Yonkers, NY Steamer HENRY CLAY Disaster, Aug 1852
Our city was startled on Wednesday afternoon with the report that the North River steamer Henry Clay had blown up and been burned, and that hundreds of lives had been lost. The story was at first supposed to be a hoax, similar to that last season concerning the Reindeer; but by the successive arrival of the Hudson River Railroad trains, the story was confirmed, and an immense excitement immediately followed.
The Henry Clay had been totally destroyed by fire, at a place a short distance below Yonkers, and a great number of persons had lost their lives by fire or drowning.
Our reporters left in the 6 p. m. train and remained on the ground until half-past 9 o'clock, during which time twenty-two or twenty-three bodies had been recovered, and the work of grappling was still going on.
The particulars and incidents of this terrible catastrophe are briefly detailed below.
The Henry Clay left Albany at 7 o'clock yesterday morning, having on board, as near as could be ascertained, some 300 passengers.
The Armenia left the same place a few minutes afterward. On the passage down the river there was, as witnesses testify, a continuous strife or race between the two boats. At one time the Clay crowded the Armenia almost upon the western shore, and forced her to drop astern, &c.
The passengers on board the H. C. finally became greatly alarmed on account of the racing and some time before the fire a number of ladies were crying and running about the cabin, as if sensible that some catastrophe was impending. Some of the officers of the boat went among them, assured them that there was no danger, and tried to pacify them.
We are assured that the race had been so hotly contested that the boats had purposely missed some of their landings. The runners of the boats at the various landings appear to have been aware of the racing, since they were freely offering bets upon their favorites.
However, no accident or outrage occurred until a few minutes after the Henry Clay passed Yonkers, when it was discovered that the wood work near the boilers and flues was on fire.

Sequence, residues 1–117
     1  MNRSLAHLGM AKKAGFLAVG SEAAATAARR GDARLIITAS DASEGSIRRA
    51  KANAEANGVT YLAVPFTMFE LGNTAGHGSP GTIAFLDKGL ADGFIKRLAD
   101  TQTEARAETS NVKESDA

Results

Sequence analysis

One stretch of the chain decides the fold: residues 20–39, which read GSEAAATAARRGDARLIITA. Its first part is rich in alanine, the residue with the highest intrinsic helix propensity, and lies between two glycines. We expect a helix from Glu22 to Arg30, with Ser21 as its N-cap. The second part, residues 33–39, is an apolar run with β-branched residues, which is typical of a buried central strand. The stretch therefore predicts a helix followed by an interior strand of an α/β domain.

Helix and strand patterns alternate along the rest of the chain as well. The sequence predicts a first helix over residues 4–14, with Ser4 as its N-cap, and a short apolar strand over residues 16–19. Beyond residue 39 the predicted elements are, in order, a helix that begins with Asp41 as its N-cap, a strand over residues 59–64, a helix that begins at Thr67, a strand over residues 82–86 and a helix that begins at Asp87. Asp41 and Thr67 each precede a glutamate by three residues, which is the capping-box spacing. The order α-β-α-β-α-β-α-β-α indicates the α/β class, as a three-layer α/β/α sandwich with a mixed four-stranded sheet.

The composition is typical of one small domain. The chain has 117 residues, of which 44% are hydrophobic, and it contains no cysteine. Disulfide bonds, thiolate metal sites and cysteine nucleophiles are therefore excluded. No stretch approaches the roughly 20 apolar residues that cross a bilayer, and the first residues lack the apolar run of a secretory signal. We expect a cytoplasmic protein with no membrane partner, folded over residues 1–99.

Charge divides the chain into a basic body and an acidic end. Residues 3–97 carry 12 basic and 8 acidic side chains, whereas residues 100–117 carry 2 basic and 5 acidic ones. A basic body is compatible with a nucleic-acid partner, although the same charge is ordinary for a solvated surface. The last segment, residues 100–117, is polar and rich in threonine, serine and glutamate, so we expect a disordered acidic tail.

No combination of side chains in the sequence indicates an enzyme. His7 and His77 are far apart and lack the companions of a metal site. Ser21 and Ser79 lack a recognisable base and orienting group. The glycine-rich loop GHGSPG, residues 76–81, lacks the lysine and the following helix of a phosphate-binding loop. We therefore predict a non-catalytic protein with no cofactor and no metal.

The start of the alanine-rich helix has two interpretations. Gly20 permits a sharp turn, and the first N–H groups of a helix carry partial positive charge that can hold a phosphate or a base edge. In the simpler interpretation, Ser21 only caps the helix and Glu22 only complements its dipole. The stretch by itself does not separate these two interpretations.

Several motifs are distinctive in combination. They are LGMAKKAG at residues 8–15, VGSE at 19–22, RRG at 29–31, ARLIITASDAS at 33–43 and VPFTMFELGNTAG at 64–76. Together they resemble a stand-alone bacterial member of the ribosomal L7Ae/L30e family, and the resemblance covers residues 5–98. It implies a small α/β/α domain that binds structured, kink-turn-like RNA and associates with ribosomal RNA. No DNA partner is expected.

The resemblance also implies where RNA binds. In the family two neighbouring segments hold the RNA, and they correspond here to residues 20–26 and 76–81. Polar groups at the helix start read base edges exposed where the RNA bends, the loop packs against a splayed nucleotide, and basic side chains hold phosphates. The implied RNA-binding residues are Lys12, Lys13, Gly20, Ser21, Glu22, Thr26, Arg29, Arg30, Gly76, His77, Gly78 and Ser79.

The alarm spread, but the officers of the boat (judiciously, without doubt) told the passengers that there was no danger.
The pilot, however, saw that no time was to be lost, and headed the boat for the eastern shore. The river here is nearly two miles wide, and the boat in her regular course would have been a mile and a half from the east bank.
Before reaching the shore, the flames had spread so as almost to prevent communication between the fore and aft parts of the boat.
At about three or quarter past three o'clock, the boat came ashore, lying at right angles with the river, and the bow driving up some twenty-five feet on dry land, and plunging with tremendous force into the railroad embankment which is there some six or eight feet high.
The shock overthrew the smoke pipe, displaced everything movable, and added not a little to the spreading of the flames. While the bow was high and dry, the greater portion of the boat, and unfortunately that which held nearly all the passengers, was in deep water.
The passengers immediately began to jump overboard. Those on the bow got off safely, and began to help the others. A board fence nearby was instantly stripped, and the boards thrown into the water. By great exertion, a great majority of of[sic] the passengers got ashore, some scorched, nearly all with loss of clothes, trunks, &c.
But the rapid spread of the fire, which forced the passengers at the stern overboard, was the cause of the loss of a large number of lives.
The scene was one of the most terrible character. Mothers with their clothes in flames, trying to save some dear child; children struggling in the waves without a hand to help them; husbands and wives drowning together rather than separate, and the remorseless fire rapidly destroying the last standing place of the helpless victims.
There were very few houses in the neighborhood, and very little help could be had from the shore. But all who know of it hastened to lend their aid.
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